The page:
[Table of Contents]

[Date Prev][Date Next][Thread Prev][Thread Next][Date Index][Thread Index]

Re: [ARSCLIST] Record Diameter (was: playback curves for some 78s)

If memory serves, the smaller 1930s diameter was required to clear the jukebox mechanisms. I've heard that Decca, gunning for the jukebox market, had made its first release in the slightly larger size and had to redo it. I don't know if they used different presses or adjusted the plate area appropriately- my guess is the latter.

Steve Smolian

----- Original Message ----- From: "Michael Biel" <mbiel@xxxxxxxxx>
To: <ARSCLIST@xxxxxxxxxxxxxxxx>
Sent: Monday, May 18, 2009 4:05 PM
Subject: [ARSCLIST] Record Diameter (was: playback curves for some 78s)

I sent this out last night under a different subject title but didn't see it get posted or even get a duplicate posting rejection, so I am trying again with some added information. Maybe my joke in last night's revision of the subject line was blocked?

From: "Steven C. Barr" <stevenc@xxxxxxxxxxxxxx>
Reissues of original Columbia or Okeh records from the 1925-3? era
are VERY commonly dubs...since the originals were 10.25" discs and
the stampers don't fit onto modern-day 10" records...! Steven C. Barr

Get out a ruler and some records, Steve. You (and most others here) are in for a big surprise. Those "oversize" Columbia pressings are the ones that are 10-inches. Most other "10-inch" records are 9 7/8-inches. Many Columbia/ARC pressings from the 30s are 9 15/16-inches, and eventually got down to 9 7/8-inches. Yes it is true that the Columbia and Columbia-OKeh pressings are larger than later records, but the are not and never have been 10.25" . And many or most of the early George Avakian produced Columbia re-issue sets were master pressings, at least the earlier copies were. New stampers were always produced from the metal positives (mothers) because the center mounting hole sizes were different in from the late 30s on, so the outer diameter of the original metal part is not of consequence. What IS of consequence, of course, is the diameter of the outermost grooving, and that is what Steve was really talking about. I think that there occasionally were problems -- even in newly recorded items that had to be issued in a dubbed fashion if the cutting engineer goofed when setting the outer cutting diameter on the lathe -- but thre was enough lead-in space on most 1920s Columbias and OKehs to allow them to be reissued on the slightly smaller pressings from the later 30s.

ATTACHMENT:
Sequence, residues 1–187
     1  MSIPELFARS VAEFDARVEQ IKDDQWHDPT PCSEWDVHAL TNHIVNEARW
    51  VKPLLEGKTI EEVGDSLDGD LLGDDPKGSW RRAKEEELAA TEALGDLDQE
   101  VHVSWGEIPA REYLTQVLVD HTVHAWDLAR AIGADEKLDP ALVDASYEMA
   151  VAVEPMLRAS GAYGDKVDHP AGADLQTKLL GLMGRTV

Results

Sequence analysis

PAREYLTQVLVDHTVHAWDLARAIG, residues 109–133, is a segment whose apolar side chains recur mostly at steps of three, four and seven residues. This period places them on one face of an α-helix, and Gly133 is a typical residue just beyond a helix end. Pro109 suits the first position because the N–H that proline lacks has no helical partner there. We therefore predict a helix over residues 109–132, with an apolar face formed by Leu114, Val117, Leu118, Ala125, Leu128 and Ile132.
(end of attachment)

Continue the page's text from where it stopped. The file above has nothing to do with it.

Also, when those in the metric world call those records 25 cm, they are
the ones who are correct.

One other point, Edison Diamond Disc diameters can vary a great deal.
I've never checked to see if the outer grooving diameter on these also
vary, but the size the discs are ground down to after "printing" can be
seemingly random.

Mike Biel mbiel@xxxxxxxxx

[Subject index] [Index for current month] [Table of Contents]